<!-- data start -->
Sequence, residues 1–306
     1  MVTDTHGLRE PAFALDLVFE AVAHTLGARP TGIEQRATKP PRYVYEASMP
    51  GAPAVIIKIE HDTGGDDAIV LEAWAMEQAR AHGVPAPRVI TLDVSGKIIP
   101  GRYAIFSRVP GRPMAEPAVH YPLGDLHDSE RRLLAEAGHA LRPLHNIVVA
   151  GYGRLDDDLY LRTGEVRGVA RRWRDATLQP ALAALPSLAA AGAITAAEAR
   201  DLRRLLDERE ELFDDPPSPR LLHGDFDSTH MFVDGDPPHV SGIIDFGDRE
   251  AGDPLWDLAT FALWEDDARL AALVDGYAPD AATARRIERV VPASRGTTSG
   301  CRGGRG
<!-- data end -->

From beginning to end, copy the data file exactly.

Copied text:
Sequence, residues 1–306
     1  MVTDTHGLRE PAFALDLVFE AVAHTLGARP TGIEQRATKP PRYVYEASMP
    51  GAPAVIIKIE HDTGGDDAIV LEAWAMEQAR AHGVPAPRVI TLDVSGKIIP
   101  GRYAIFSRVP GRPMAEPAVH YPLGDLHDSE RRLLAEAGHA LRPLHNIVVA
   151  GYGRLDDDLY LRTGEVRGVA RRWRDATLQP ALAALPSLAA AGAITAAEAR
   201  DLRRLLDERE ELFDDPPSPR LLHGDFDSTH MFVDGDPPHV SGIIDFGDRE
   251  AGDPLWDLAT FALWEDDARL AALVDGYAPD AATARRIERV VPASRGTTSG
   301  CRGGRG